Imperial College London experts behind the research warned cases were just weeks away from surpassing levels seen during the darkest days of the pandemic in March and April. Previous projections have estimated there were slightly more than 100,000 daily cases in spring, which led to over 40,000 deaths in the first wave. 

The study warned infections are doubling every nine days, suggesting there could be 200,000 daily cases by the first week of November. 

Imperial researchers said it was possible that the recent wet and dreary weather had played a role in the surge in infections, by driving people indoors where the virus finds it easier to spread. But they warned it was more likely a small dip in adherence to social distancing rules across the board had opened the door for the highly infectious disease to spread more rapidly.

Imperial’s best guess is that 1.3 per cent of everyone living in England was carrying the disease by October 25, the equivalent of one in 75, or 730,000 people. Covid-19 prevalence was highest in Yorkshire and The Humber (2.7 per cent) and the North West (2.3 per cent).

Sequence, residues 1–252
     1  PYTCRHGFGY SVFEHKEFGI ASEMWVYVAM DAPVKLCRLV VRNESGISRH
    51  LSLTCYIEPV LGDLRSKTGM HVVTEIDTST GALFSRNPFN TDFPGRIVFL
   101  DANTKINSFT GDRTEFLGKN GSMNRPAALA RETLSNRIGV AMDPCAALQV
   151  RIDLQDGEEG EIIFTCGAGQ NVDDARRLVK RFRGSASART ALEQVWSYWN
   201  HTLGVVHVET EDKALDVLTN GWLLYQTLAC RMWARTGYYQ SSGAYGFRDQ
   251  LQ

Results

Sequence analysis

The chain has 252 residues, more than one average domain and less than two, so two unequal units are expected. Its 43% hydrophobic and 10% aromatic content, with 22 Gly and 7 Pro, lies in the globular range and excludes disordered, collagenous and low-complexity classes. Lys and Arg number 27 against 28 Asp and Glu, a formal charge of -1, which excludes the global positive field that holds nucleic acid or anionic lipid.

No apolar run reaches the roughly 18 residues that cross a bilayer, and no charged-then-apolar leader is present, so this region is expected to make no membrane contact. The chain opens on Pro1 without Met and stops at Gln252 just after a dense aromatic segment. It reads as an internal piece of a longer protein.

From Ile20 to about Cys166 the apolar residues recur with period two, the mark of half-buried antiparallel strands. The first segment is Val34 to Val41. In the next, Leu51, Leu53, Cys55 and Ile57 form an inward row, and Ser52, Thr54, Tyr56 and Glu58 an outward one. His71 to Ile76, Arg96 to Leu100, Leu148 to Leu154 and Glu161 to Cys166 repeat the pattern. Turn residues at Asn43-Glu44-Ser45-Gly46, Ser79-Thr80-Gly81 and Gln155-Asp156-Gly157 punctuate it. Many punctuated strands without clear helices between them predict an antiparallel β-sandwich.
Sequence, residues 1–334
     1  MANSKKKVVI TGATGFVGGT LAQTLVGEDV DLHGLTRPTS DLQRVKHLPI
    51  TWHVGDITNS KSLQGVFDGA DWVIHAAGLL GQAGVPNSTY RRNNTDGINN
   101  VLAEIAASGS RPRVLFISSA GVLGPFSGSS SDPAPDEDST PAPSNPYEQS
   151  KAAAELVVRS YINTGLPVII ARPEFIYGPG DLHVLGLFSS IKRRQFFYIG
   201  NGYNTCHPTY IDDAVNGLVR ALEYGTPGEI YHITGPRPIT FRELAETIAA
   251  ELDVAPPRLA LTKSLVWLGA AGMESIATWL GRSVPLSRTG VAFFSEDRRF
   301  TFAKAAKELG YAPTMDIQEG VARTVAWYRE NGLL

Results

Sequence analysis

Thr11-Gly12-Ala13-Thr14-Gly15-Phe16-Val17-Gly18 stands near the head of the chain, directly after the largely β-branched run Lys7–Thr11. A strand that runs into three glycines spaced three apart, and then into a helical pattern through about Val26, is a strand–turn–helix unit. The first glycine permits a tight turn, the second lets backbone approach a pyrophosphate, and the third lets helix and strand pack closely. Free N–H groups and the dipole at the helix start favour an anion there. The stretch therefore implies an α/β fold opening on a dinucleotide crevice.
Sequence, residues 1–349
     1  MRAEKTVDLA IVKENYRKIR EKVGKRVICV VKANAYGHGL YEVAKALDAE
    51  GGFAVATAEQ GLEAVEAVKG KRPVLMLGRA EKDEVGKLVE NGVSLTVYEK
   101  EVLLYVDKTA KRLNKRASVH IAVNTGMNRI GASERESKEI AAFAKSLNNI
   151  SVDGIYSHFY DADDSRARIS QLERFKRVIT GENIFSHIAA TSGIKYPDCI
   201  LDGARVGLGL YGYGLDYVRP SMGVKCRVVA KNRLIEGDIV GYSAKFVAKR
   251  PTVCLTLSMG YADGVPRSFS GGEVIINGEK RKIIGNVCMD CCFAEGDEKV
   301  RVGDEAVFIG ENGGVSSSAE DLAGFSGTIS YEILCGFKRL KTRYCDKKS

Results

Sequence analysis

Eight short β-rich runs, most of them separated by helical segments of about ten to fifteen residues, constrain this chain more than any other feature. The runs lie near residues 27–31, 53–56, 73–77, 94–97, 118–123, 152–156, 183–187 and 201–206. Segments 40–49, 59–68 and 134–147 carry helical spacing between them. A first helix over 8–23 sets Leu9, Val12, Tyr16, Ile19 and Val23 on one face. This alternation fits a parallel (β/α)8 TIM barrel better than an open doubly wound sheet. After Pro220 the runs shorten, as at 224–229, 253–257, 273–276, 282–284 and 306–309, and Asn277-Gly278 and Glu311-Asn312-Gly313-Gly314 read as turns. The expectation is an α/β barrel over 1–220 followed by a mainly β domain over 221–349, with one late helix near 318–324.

The study, which will likely be used to pile more pressure on No10 to impose a national lockdown, also estimated the virus’ reproduction ‘R’ rate — the average number of people each Covid-19 patient infects — was nearly three in London, a finding the researchers described as ‘scary’. It was lower in the North West, where millions of people are living under draconian lockdowns.

Overall, the R rate was around 1.6 across England in the most recent week, compared to 1.16 in the previous round. Experts have repeatedly warned it is critical the reproduction rate stays below the level of one to prevent cases from spiralling. 


Ministers today dragged another 16 authorities into Tier Two, as Britain creeps another step closer to a de facto lockdown and the UK today confirmed another 23,065 positive test results and 280 deaths.

Cases are up 8.6 per cent on the 21,242 announced last Thursday, while deaths have increased by 48 per cent in the same time.